beautiful woman in the history of the world. I asked what I should do. How should I love her? And revere her beauty? I pledged my hands, my mouth, my tongue, my everything. To her absolute everywhere. I said I would do everything and anything. I said nothing would shock me, surprise or disappoint me. Her candid wish was my command.
‘Do it then.’ She said. ‘Only try not to hurt me.’
That said, she grimaced, clenched her hands into tight fists, splayed her legs and closed her eyes, as if preparing for a gynaecological examination. She lay there passive, prone, stiff and silent.
I understood. It was time to commence the surgical procedures that constitute marriage, with a hope to minimizing the intrusion, discomfort, embarrassment and duration. She’d probably have welcomed a general anaesthetic. Short of that, I guessed, I’d need to try limit any sensations I inadvertently aroused..
Still, I can’t say it was unpleasant. Not entirely. Not for me.
I took my time. I found some slow, twisty, scenic routes. Tufted nooks and crannies. Damp recesses. Shady slopes.
I threw a lot of craft, patience and tenderness at the problem, but I never sensed I was getting much back. It got to feel rather solitary. I had the loneliness of the long distance runner.
I didn’t get any eye-contact, or returns of touch, but Patricia let out occasional quiet grunts, puffs of breath, gasps and slow exhalations. They could have been expressions of mild discomfort, surprise or even mild, muted pleasure.
‘What are you doing, Stephen?’ she finally asked. ‘Down there? Exactly?’
I was somewhat dismayed she needed to ask. I thought these things were common knowledge. The technical answer would be cunnilingus, but that sounded a rather cold and clinical designation. It was more than a meeting of lips. I was attempting something personal and less generic. And I felt I was trying to mouth some tenderness and warmth.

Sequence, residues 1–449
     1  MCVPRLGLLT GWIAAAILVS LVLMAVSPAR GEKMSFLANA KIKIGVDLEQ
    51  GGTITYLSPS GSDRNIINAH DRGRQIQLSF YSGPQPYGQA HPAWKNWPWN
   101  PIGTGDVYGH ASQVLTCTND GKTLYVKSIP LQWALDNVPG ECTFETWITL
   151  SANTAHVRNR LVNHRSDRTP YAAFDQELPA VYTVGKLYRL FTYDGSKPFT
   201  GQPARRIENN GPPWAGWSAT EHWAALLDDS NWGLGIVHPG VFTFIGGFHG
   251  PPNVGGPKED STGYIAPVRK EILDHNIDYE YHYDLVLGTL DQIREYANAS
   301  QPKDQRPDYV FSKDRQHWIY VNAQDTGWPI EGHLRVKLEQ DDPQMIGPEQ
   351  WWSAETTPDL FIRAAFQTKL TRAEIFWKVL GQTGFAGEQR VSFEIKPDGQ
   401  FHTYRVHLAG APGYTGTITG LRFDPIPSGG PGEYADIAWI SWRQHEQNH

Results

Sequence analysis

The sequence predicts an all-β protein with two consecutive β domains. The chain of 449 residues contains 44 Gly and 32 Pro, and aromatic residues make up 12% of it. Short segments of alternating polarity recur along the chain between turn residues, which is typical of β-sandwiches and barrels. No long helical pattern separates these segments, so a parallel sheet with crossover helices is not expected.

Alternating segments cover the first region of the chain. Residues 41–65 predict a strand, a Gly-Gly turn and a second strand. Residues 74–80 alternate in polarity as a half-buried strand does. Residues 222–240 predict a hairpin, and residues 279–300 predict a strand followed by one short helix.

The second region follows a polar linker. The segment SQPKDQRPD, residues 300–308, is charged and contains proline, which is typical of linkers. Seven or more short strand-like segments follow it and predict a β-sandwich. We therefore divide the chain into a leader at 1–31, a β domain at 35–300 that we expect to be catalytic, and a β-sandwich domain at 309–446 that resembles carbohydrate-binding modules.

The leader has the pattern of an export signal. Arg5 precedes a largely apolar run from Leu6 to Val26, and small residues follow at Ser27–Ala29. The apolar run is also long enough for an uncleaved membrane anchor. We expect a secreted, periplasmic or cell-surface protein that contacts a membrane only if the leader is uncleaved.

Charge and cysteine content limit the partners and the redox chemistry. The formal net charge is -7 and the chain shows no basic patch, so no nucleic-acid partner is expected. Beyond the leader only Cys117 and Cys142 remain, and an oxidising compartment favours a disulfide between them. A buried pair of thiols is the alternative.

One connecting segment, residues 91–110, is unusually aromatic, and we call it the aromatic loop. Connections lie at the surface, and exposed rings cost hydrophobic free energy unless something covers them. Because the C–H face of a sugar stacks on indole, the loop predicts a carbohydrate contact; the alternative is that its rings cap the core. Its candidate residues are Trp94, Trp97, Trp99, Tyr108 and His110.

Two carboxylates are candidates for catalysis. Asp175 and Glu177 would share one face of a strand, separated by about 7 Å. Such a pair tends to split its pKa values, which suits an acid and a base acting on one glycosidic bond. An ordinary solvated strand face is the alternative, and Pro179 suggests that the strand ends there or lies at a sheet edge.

‘Don’t you like it?’ I asked.
‘It’s fine in its way…’ she considered, ‘But very personal. And rather ticklish.’
‘Right.’ I withdrew. I rose from my protracted surveying down-below. I’d been to all the obvious sites of natural interest, and done all the obvious things. Now, after an hour or so of intensive pot-holing, I came up for air.
‘How was it for you, Stephen?’ she asked.
‘Like nothing I’ve ever experienced before,’ I said. I’d got an irritating pubic hair snagged between my teeth, and vibrating against my lip as I spoke. ‘How was it for you, darling?’
‘It was fine, Stephen.’ She reassured. She sat up and swung her feet to the floor. ‘Absolutely fine.’ She wrapped the nightie back around herself and padded back to the bathroom, and swung the door shut. ‘Not half as bad as I feared.’
Game over, I sensed.
’ Shall we dress for dinner?’ she called out, over the gurgle of tap-water.
That, at least, was a relief. The way it sounded, she didn’t seem to bear any permanent grudge.
That evening, as Patricia munched her relentless path through the menu, plundering the flesh of the oceans, downing a giant platter of fruit de mer, gulping down moist, mucus globs of oyster, sucking up the salty juices, drawing the pink curves of langoustines out from their shells, sliding her tongue into the shady slit of a lobster claw, nibbling the shrimp tails off from their blushing heads, I could see that she had a vigorous, almost violent, sensuality, albeit not it bed, with me.
‘Do you know…’ she sucked the tips of her salty fingers, ‘this is the most pleasure I’ve had in years…’
Later, over armagnac and coffee, we traded confidences. We talked of our parents, childhood pets, illnesses, school days, romances. She asks me how many lovers I’d had before.
‘Before what?’ I ask.
‘Before me, silly.’
This was decision-time and perhaps I made a mistake because I opted for complete candour. I’d never been married before. This was my first encounter with this be-kind-to-your-wife-or-be-tell-all-dilemma. But it occurred to me, as a working hypothesis, that Honesty might well be the answer. It could be crucial in marriage. If you don’t have trust, there’s nothing. So, I told her the truth. As best I could.
I said I’d probably slept with about a thousand women. Maybe more. We’re in the realm of approximation. It’s hard to calculate a precise number. I’d never stopped to count. Once you’re into the hundreds, you don’t remember the individual names.
Well, you can come across a lot of Jane’s and Anne’s within a hectic social schedule. There are a fair few Susan’s, Mary’s and Helen’s. Put in
enough over-time and you even start doubling up on the Irma’s, Imogen’s, Phoebie’s, Naomi’s and Natasha’s.
Of course, everyone’s absolutely, fabulously themselves, perfectly unique and wonderfully special. But, whatever their infinite variety, spiritually, facially, temperamentally, they still tend to clump, blend, merge and blurr in the bottleneck of memory.